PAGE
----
US Coins

Will coin costs push completist collectors to specialize?

The lead headline in our Dec. 12 issue reporting that issue-price costs to purchase one of every 2011 coin produced by the U.S. Mint is nearly $23,500 elicits the question: How many “completist coin collectors” are there today?

When Coin World was founded in April 1960, virtually anyone who called himself/herself a coin collector proudly sought to acquire one of each new U.S. coin bearing the year’s date and the entire range of Mint marks available. Some took on the challenge of finding the coins in circulation and raced to be the first to report finding a certain denomination and Mint mark combination. For those who wanted pristine examples, the threshold for completeness was not high: $4.50 would earn you “completist” bragging rights. The Mint’s issue price for the 1960 Proof set was $2.10; for the 1960 Uncirculated Mint set, $2.40.

The “big change” occurred in 1982, when the United States resumed issuance of noncirculating commemorative coins. However, 1982 was not really a strain on the pocketbook. Collectors were afforded the opportunity to buy the silver Uncirculated George Washington half dollar struck at the Denver Mint for the pre-issue price $8.50 and the Proof version struck at the San Francisco for $10. The U.S. Mint did not offer Uncirculated Mint sets in 1982 and 1983 but did sell Proof sets for $11 both years. Allowing $4.82 for the face value of all circulating coins issued plus the purchases directly from the Mint, a collector’s outlay to be complete in 1982 was $34.32.

Costs for completeness doubled in 1983 and escalated rapidly in 1984, a result of the commemorative coins produced to honor and support the Los Angles Olympic Games.

Completeness cost $68.77 in 1983 but soared to $2,086 in 1984 due to the different Mint marks and versions of five $10 LA Olympic gold eagles.

Depending on the number of commemorative coins issued in a given year, completeness settled into an average of about $1,500 per year for about a decade until the Olympic Games returned to the United States in 1996. The multi-year 1995-1996 Atlanta Olympic Games issues generated protests from collectors and resulted in a significant drop in sales when the cost of completeness reached $3,100 in 1996.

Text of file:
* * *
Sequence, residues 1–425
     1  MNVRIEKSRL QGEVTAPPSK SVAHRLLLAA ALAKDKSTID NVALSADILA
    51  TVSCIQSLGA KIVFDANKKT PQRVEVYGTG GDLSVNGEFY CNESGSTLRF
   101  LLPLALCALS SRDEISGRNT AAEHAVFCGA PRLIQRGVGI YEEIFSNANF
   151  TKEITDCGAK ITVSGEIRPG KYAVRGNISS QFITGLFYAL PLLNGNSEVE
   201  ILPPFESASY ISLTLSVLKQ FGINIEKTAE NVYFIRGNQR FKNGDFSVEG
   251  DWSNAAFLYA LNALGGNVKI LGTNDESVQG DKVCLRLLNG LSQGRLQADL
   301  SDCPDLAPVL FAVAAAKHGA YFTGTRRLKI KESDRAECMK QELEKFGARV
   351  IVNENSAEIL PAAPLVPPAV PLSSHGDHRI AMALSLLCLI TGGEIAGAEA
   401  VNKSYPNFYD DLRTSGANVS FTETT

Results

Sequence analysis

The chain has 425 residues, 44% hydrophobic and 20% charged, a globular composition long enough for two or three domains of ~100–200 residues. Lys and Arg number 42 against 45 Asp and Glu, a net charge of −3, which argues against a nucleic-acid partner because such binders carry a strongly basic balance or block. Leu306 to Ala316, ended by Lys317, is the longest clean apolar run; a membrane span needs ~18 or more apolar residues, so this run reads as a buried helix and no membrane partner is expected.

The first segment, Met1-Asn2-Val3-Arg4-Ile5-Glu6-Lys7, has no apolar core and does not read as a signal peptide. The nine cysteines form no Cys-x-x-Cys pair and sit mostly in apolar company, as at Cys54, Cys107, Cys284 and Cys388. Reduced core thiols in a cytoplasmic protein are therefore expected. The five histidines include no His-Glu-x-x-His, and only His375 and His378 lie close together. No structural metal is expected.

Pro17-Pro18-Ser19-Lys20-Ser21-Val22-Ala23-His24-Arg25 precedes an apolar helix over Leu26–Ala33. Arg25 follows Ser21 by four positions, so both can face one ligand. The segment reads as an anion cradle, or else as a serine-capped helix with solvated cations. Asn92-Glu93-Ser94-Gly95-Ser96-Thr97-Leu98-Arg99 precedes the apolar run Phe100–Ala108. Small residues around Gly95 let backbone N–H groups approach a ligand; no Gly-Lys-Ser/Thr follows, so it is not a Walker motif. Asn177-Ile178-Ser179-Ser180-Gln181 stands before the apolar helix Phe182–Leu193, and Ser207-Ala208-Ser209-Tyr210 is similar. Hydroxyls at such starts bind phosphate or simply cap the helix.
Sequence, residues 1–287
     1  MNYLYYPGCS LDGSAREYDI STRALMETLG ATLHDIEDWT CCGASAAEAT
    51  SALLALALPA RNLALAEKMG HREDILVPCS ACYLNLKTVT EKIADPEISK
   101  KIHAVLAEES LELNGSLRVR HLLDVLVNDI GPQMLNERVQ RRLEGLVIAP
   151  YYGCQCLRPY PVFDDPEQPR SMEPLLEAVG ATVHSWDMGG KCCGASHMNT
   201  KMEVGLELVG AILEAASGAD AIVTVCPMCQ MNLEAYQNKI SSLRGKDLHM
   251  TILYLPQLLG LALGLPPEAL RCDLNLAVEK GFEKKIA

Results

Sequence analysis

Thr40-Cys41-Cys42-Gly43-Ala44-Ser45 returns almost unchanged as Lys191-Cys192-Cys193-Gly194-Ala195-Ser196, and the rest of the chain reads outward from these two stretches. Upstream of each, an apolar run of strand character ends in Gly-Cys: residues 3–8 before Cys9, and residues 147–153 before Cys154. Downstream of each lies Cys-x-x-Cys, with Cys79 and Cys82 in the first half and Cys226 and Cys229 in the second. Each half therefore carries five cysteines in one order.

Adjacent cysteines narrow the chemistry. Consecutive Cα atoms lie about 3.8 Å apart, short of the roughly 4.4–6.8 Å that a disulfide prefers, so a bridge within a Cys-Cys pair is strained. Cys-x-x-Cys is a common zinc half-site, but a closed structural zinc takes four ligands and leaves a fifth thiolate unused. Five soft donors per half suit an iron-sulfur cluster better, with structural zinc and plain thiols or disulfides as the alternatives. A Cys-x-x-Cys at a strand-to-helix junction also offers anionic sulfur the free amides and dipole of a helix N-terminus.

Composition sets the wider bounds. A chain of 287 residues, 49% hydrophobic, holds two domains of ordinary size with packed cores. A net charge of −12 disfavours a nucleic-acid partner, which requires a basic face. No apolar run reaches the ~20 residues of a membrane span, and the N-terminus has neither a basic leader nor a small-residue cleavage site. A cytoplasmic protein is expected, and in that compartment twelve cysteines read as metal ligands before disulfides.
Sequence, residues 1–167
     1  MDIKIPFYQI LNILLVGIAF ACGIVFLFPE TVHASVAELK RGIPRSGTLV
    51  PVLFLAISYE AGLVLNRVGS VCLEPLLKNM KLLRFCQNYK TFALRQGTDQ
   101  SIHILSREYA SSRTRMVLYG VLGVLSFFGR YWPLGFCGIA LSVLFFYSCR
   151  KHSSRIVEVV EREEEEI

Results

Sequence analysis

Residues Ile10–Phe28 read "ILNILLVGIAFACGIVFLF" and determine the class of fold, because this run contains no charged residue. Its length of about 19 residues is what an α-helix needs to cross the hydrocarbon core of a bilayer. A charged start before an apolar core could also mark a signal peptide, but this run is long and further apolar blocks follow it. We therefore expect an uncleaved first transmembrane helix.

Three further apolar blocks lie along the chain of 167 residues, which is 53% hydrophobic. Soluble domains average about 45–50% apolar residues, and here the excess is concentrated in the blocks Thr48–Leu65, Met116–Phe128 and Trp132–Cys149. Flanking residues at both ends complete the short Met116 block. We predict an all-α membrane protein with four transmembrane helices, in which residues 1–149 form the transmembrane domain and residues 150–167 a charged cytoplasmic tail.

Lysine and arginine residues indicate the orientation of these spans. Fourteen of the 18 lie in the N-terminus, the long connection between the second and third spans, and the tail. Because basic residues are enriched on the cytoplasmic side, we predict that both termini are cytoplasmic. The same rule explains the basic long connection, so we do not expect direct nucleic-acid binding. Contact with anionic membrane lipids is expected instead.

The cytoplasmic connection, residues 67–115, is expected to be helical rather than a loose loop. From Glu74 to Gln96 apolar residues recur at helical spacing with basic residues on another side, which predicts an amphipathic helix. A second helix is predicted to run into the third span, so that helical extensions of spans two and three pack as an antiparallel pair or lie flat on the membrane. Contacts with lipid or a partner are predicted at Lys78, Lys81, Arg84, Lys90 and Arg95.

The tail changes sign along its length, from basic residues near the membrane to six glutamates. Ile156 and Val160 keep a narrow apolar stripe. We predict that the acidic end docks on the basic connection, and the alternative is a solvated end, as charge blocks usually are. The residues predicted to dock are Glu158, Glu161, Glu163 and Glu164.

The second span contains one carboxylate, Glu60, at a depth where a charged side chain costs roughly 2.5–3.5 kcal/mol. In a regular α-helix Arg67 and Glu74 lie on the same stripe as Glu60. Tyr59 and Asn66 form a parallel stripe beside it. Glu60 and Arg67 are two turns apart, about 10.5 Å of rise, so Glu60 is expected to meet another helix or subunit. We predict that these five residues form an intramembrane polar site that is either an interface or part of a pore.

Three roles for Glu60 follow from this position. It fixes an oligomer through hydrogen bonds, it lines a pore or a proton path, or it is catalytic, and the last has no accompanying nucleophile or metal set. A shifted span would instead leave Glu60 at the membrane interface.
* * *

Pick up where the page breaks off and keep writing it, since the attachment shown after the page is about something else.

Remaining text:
Congressional action to limit the number of commemorative coin programs to two per year helped to throttle cost escalations for a few years.

The 10-year, 50 State quarter dollar program, launched in 1999, ushered in an explosion of packaging options and coin-related products (coin spoons, canceled dies, philatelic-numismatic combinations, coin bears and more).

In 2006 when Coin World calculated the lowest possible cost to acquire one of each circulating, numismatic, bullion and commemorative coin issued by the Mint, the price tag was $14,804.

In 2010 the U.S. Mint struck 109 different coins with legal tender status. Just collecting one of each as it was issued cost a minimum of $18,000. This total did not include items such as the First Spouse medals or the bronze duplicates of national medals.

None of the totals cited include shipping and handling charges. Nor do they include grading and encapsulation by third-party grading services, a reality in today’s numismatic marketplace.

While the record price of gold and near-record price of silver are factors in the total outlay for a complete collection of U.S. Mint issued coins in 2011, just focusing on precious metals prices does not tell the full story. The U.S. Mint today offers many collector products and a multitude of packaging options.

Unless a collector has significant disposable income to devote to staying complete, he or she may be forced to adopt a different approach to collecting. Will costs force most collectors to specialize? ¦

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